“We become a sacrament of thepresence of Christ alive…”

21 Jun 2024

By The Record

Archbishop Costelloe elevates the Body of Christ at Ballajura Parish's 30th Anniversary.
Archbishop Costelloe elevates the Body of Christ, with Ballajura Parish Priest Fr John Jegorow elevating the Blood of Christ. Banksia Grove Parish Priest Fr Vinh Dong watches on. Photo: Jamie O’Brien.

In his homily for the 25th anniversary of Mary Mackillop Church and 35th anniversary of Ballajura Parish, Archbishop Timothy Costelloe spoke about our understanding of sacraments.

“…So, sacraments are realities in the life of our Church, which invite us to look more deeply at what is happening.

We have the seven sacraments, as we all know, but the idea of sacraments is bigger than that. The idea of a sacrament is that when you look at a human reality, you see something very important – which is sometimes hidden – is actually taking place. In that sense, I ask you to reflect on the fact that in thinking about it that way, we could think about this parish, as a kind of a sacrament. We look around and there are a lot of people – we’re gathered here to pray, and we’re gathered here to support each other in our faith.

But there’s something much deeper happening as we gather together. We’re not just a group of people. We’re a group of disciples, and we gather together, and especially when we celebrate the Eucharist together, we become – we already are – we become more deeply the body of Christ. We become a sacrament of the presence of Christ alive and at work in this part of the Archdiocese.

I just want to mention three things very briefly that might help us understand just what it is that God is doing in calling us together. It’s well over 50 years ago now that the Second Vatican Council took place, and it was indeed at that Council, that the bishops who gather from all around the world decided to speak of the Church itself as a kind of a sacrament, a sign, and an instrument of two things – of unity with God, and of communion, among all of us people. So, this parish, as a part of the church, is a kind of sacrament. And it’s a sacrament of two things – of the call to be in communion with God. And that’s why this church building is so important. That’s why coming together to celebrate the Eucharist is so important, because that’s where we both experience and deepen our communion with God. But we’re also called to be a sacrament of communion among all God’s people. And that’s why we have to look to each other, and make sure that we recognise in each other person here in the Church tonight, in each other person whose lives we encounter in the journey of our own life, we need to learn to see these people, as our brothers and our sisters, in Christ – we all belong together. We are all dependent on each other. We all need each other. And we’re all responsible for each other. That’s what it is to be a member of the Body of Christ, a member of the community of disciples of Jesus.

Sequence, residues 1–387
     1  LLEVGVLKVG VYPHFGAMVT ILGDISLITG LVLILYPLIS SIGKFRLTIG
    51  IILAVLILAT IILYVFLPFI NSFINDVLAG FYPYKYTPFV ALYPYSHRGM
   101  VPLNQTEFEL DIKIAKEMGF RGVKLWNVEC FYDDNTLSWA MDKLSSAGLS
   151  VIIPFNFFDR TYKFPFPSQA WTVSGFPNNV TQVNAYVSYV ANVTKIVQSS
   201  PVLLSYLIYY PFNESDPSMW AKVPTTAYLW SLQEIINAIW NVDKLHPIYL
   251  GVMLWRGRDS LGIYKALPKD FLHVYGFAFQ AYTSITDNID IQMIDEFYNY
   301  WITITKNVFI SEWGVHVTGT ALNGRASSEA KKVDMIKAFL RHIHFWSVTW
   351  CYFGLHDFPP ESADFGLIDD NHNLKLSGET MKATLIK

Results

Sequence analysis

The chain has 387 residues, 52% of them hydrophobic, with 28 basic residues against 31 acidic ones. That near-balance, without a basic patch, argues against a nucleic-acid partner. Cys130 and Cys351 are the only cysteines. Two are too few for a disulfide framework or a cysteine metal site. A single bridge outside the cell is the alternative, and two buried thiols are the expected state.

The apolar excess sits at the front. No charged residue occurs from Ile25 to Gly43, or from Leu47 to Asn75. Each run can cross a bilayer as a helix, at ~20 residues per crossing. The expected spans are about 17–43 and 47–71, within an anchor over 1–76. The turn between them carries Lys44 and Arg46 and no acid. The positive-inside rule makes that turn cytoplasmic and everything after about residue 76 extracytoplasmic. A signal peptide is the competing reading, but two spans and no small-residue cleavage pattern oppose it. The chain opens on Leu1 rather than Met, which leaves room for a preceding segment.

The second simple thought – it really is contained in the first one is something that Pope John Paul II once said. He said the best way to describe the church is simply to call it a community of the disciples of Christ. We’re a community, but a community of disciples and whose disciples, are we? We’re the disciples of Jesus Christ. He is the one we follow. He is the one we look to. He is the one who is our guiding light through our lives.

Tonight, I think we’re asked to, in a sense, examine our consciences and say, is that true for me? Is Jesus really the guiding light of my life?

And then the third thing – you’ll be very familiar with it – it is something very beautiful that Pope Francis said very early on in his time as Pope. He said that he likes to think of the Church as a kind of a field hospital. When a wounded soldier is carried into the field hospital, the doctors and nurses don’t first ask him about his cholesterol levels or his blood sugar levels, or any of those things – they heal his wounds. And after they’ve healed his wounds, then they can look at those other things. And then the Pope went on. This is what the church is all about. God has called the Church into being so that it can be a healer of people’s wounds, and then he added, a warmer of people’s hearts. For thirty-five years, how many people have found their wounds healed by coming to this place? For thirty-five years, how many people have found their hearts warmed by coming to this place? Every time someone comes to this parish and finds healing and warmth and hospitality and welcome, the parish is being true to its vocation. So, these are just three simple thoughts that I wanted to offer you and to invite you to reflect on as you look back over the last thirty-five years with gratitude, as you look around you with satisfaction at the present reality in this parish, and as you look to the future with hope.

You are called to be living sign of communion with God, and the unity among yourselves. You’re called to show by the way you live and work and walk and talk, that you are truly disciples of Jesus.”